Home Commentary The Way I See It: Are Self-Driving Cars in Vermont’s Future?

The Way I See It: Are Self-Driving Cars in Vermont’s Future?

Anyone who regularly drives Elm Street through the Meadows knows the speed limit is 25 miles per hour. On a recent drive through that mostly residential neighborhood, noticing a speed limit sign, I instinctively looked to the dashboard. I was going 27. Oops!

Actually, maybe that wasn’t so bad: The icon on my dashboard said the limit was 70. What? When it comes to telling me the speed limit, my car’s front camera is only about 90% accurate; however, I usually know what causes errors.

The camera does a poor job in construction zones or places where signs are hard to see or unusually placed. Coming down Paine Turnpike from Berlin, when I go by Hilltop Townhouses at the posted speed of 35, my car sometimes reads the 25-mile-per-hour sign on the side street and then gives me incorrect info. But 70 mph in a 25 zone on Elm Street? I had never had such an absurd reading, and don’t know what happened that day.

This got me thinking. Reading speed limit signs is one of several features my car has that self-driving cars need. If I were in a self-driving car, would it have then sped down narrow, winding Elm Street at interstate speeds?

Before I go too far in poking fun at some of my car’s options, I want to emphasize that the manufacturer acknowledges their limitations and is very clear that the options are meant to assist the driver and never to drive the car. Plus, as in a “self-driving” car, the human driver is expected to override any errors the car makes.

My vehicle is a 2019 hybrid, all-wheel-drive SUV that gets good mileage, performs well in snow, and has lots of excellent safety features; I’m very happy with it. I didn’t buy it for the options I’m poking fun at, but surely, self-driving cars have more advanced systems than these.

Many Vermonters now have cars with driver-assist options that provide a taste of being in a self-driving vehicle. Maybe some of them have reached the same conclusion I have: Vermont is a long way from widely accommodating self-driving vehicles.

Equipped with a front camera in the windshield and radar in the grille, another of my car’s options is an automated lane assist. Once I set it, it steers — though I still hold and control the wheel. On interstates, it does remarkably well, as it does on most secondary highways. But beyond that, most of the time it’s useless.

The feature requires visible yellow or white lines to mark the lane, so it doesn’t work on most side streets or on any gravel roads. Nor does it work on wet, salt-stained, or snow-covered roads. That’s an understatement: On snow-covered roads it is a hazard because sometimes it doesn’t know enough to turn itself off.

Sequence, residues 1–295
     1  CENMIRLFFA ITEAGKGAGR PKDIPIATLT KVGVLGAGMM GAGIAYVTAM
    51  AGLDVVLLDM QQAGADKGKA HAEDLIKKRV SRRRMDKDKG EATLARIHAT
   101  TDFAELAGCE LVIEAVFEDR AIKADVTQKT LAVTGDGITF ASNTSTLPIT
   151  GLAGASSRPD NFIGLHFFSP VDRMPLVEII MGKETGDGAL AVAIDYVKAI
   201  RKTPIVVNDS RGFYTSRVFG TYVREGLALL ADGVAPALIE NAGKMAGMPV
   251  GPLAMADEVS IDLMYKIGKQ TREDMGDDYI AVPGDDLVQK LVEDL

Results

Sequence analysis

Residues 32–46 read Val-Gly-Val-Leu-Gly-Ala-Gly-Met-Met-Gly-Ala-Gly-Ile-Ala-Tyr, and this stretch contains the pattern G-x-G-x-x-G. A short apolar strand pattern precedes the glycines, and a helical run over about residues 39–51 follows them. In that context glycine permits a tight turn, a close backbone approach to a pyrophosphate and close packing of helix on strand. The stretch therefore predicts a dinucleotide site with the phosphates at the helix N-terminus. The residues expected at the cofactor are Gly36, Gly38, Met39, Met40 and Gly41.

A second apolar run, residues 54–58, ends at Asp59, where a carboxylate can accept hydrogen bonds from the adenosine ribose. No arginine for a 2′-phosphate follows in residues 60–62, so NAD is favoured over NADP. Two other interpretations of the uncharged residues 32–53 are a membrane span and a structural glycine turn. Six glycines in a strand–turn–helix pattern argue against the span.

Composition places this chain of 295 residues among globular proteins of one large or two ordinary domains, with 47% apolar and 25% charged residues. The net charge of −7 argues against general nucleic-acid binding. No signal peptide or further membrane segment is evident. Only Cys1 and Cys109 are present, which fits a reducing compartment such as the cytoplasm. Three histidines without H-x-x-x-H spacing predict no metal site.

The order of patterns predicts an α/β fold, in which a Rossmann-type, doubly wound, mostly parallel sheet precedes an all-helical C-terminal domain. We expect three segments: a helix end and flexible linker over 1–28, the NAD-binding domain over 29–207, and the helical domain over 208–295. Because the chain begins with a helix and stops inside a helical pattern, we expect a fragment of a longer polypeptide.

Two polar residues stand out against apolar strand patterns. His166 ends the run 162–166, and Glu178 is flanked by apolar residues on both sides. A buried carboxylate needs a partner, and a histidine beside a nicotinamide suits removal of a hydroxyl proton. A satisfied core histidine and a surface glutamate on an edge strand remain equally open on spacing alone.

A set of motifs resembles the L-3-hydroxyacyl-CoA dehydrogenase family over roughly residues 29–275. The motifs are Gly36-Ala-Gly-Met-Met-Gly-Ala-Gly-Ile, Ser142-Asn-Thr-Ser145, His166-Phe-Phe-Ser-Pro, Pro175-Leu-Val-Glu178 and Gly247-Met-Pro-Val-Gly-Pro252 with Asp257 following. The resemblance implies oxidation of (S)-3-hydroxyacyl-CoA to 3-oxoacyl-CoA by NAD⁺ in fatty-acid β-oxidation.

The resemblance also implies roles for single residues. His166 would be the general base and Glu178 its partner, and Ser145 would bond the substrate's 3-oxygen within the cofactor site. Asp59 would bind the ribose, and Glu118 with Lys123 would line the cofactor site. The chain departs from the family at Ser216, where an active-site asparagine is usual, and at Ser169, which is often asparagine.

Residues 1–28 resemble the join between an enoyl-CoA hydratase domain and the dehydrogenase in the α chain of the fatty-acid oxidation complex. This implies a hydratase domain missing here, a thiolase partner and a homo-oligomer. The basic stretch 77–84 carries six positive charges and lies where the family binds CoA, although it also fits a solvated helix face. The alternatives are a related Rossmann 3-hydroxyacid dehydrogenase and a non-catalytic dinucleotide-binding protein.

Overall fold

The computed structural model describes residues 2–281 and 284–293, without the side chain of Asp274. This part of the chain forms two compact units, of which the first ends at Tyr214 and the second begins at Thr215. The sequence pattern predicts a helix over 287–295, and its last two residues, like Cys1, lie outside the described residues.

Before you call the Montpelier PD on me, I want to emphasize that I never let go of the steering wheel or actually let the car do any independent driving. In fact, the steering wheel and I sometimes have disagreements, since the lane assist apparently would be happy to drive over that dead skunk or into that too-large pothole.

It’s easy to override the system simply by steering the way I want to go. That doesn’t mean it won’t chide me with a dashboard beep-beep-beep if I go slightly out of the lane when I avoid that skunk or if I change lanes or exit without signaling. I assume self-driving vehicles have features to avoid skunks and potholes.

Although my car has GPS and lots of other great modern features, it’s reassuring that it still needs me. This isn’t just because my street has no center or side lines to mark lanes: Like most people in Montpelier, I have to drive uphill to get home — sometimes in snow.

My car may be a tech genius in some ways, but it doesn’t know how to drive up a snowy Vermont road. It has an automatic anti-skid device that slows the car if it’s losing traction. This is not new technology: Many vehicles have it, I’ve had it before and in some circumstances it’s helpful.

But if I drive up a snow-covered road and a tire spins a bit, the anti-skid feature slows the car down. When a tire spins again, the car slows even more. Pretty soon, I would be stopped in the middle of the road and have no traction at all.

Fortunately, I can push a button to override this feature and drive the way one needs to on a snowy uphill in Vermont: by keeping a safe, steady speed and steering carefully. Presto! I’m up the hill and in my driveway, glad that I didn’t have to leave it up to my car to get me home on its own.